WASHINGTON – A stronger job market lifted consumer confidence in December, a business group said Tuesday.
The Conference Board’s consumer confidence index rose to 96.5 this month from November’s revised 92.6.
Americans were more optimistic about current conditions and about the future.
“As 2015 draws to a close, consumers’ assessment of the current state of the economy remains positive, particularly their assessment of the job market,” said Lynn Franco, the group’s director of economic indicators.
More than two-thirds of consumers said they expected interest rates to rise over the next year, highest share since August 2013. On Dec. 16, the Federal Reserve raised the short-term interest rate it controls for the first time since 2006.
Hiring has been healthy in 2015. Employers are adding an average of 210,000 jobs a month through November. Unemployment has stayed at a seven-year low 5 per cent for two straight months. Confidence had dipped unexpectedly in November and this month remained below readings around 100 from August through October.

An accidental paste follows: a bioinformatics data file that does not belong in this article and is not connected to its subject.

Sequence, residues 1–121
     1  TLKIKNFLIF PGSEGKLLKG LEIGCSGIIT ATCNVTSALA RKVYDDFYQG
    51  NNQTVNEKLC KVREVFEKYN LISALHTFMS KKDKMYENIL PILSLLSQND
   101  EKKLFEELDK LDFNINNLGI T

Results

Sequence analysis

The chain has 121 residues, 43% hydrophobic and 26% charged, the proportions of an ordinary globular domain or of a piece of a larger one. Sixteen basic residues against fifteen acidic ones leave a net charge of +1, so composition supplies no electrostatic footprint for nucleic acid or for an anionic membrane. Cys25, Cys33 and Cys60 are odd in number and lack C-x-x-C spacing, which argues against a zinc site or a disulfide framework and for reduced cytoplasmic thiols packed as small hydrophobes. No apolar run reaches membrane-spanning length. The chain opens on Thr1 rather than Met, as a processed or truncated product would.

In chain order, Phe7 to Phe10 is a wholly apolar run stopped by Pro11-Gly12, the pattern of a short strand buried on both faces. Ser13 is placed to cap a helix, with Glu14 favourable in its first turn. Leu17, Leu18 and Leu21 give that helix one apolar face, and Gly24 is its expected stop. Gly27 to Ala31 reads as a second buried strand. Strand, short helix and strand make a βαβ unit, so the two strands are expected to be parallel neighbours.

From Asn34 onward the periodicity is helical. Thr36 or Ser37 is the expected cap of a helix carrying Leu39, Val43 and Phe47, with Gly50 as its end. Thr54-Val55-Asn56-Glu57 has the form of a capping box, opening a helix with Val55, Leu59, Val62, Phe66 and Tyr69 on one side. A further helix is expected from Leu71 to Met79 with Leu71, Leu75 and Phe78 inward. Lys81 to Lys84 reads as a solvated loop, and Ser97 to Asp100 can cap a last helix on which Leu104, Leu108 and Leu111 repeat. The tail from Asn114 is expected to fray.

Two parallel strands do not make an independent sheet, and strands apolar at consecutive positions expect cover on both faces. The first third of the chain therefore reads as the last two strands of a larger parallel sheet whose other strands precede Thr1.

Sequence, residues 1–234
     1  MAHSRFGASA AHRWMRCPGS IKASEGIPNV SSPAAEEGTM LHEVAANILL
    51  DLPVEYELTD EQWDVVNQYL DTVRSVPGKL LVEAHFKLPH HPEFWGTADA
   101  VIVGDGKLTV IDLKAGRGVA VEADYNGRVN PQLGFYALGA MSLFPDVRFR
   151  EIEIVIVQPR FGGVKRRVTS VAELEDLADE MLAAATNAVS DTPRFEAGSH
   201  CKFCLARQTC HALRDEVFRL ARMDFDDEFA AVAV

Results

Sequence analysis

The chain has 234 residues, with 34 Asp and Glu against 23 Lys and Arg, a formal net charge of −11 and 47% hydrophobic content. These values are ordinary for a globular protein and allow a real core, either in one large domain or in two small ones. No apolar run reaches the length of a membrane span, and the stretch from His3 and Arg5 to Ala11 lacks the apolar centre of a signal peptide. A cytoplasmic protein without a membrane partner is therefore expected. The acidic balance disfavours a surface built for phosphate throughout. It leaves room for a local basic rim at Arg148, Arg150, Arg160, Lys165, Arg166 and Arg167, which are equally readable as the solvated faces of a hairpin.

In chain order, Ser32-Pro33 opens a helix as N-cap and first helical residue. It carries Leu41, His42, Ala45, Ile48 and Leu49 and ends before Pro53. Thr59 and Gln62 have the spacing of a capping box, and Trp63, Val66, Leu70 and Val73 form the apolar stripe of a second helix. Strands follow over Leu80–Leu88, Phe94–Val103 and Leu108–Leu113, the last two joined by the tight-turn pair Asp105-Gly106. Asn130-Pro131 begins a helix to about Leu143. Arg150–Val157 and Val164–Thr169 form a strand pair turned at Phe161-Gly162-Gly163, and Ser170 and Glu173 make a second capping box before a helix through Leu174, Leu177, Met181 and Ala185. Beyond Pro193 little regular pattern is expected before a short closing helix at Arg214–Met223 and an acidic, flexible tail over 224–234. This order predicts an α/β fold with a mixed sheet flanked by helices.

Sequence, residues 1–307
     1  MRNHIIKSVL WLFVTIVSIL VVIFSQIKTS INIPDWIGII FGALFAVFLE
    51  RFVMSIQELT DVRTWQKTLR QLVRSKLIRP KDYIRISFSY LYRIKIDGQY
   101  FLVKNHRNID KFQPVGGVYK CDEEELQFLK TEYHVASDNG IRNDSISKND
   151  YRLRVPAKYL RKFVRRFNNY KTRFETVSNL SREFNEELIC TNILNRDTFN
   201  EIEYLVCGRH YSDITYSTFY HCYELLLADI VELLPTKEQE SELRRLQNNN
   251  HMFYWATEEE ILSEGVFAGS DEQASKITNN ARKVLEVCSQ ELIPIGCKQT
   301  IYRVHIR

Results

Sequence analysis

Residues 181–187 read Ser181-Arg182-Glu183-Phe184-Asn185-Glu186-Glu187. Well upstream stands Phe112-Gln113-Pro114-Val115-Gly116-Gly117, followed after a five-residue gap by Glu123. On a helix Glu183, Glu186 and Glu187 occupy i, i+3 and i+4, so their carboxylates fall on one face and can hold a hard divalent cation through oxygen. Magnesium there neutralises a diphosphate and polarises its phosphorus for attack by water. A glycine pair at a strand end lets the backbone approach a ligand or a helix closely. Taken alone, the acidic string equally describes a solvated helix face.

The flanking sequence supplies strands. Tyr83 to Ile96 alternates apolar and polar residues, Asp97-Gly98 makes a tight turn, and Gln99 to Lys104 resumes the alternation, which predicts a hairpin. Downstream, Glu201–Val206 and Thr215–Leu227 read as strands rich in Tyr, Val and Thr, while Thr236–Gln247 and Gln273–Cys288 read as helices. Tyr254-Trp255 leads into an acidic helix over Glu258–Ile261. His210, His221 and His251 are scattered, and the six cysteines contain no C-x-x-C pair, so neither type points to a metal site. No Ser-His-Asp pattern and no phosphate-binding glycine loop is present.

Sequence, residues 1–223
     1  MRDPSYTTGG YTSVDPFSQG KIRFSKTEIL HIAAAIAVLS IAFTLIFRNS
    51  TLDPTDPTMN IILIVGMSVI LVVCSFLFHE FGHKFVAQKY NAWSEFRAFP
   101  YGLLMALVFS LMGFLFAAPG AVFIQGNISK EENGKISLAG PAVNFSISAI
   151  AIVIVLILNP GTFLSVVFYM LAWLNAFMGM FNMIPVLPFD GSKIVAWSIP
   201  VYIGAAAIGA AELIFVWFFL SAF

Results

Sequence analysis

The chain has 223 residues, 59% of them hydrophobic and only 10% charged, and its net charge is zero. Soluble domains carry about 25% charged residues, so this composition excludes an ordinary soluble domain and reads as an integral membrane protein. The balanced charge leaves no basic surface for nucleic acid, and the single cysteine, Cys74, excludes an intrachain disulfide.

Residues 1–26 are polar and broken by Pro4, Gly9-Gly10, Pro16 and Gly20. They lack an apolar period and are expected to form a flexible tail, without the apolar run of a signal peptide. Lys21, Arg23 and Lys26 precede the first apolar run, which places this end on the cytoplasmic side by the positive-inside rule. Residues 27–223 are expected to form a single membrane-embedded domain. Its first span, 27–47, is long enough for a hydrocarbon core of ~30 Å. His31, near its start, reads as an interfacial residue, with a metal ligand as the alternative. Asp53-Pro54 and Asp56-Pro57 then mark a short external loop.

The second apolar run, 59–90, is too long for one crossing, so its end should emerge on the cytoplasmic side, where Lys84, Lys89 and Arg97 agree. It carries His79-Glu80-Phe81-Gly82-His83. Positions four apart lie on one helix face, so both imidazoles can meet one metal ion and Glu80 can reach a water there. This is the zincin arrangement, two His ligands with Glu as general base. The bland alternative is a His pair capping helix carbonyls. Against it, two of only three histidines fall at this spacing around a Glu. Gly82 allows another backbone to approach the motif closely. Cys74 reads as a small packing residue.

“U.S. consumers regained a bit of their swagger in December,” Jennifer Lee, senior economist at BMO Capital Markets, wrote in a research report. She noted that confidence rebounded the most among young households (those headed by someone younger than 35), potentially a sign that more first-time homebuyers are ready to enter the housing market.
Another gauge of Americans’ mood — the University of Michigan’s consumer sentiment index — rose this month to the highest level since July. The Michigan index rose to 92.6 in December from 91.3 last month. It has averaged 92.9 in 2015, the highest annual average in 11 years. The Michigan survey finds that Americans are pleased with low inflation, including low gasoline prices, which boosts their purchasing power.
The average U.S. gasoline price is staying near $2 a gallon, lowest holiday season price since 2009, according to AAA.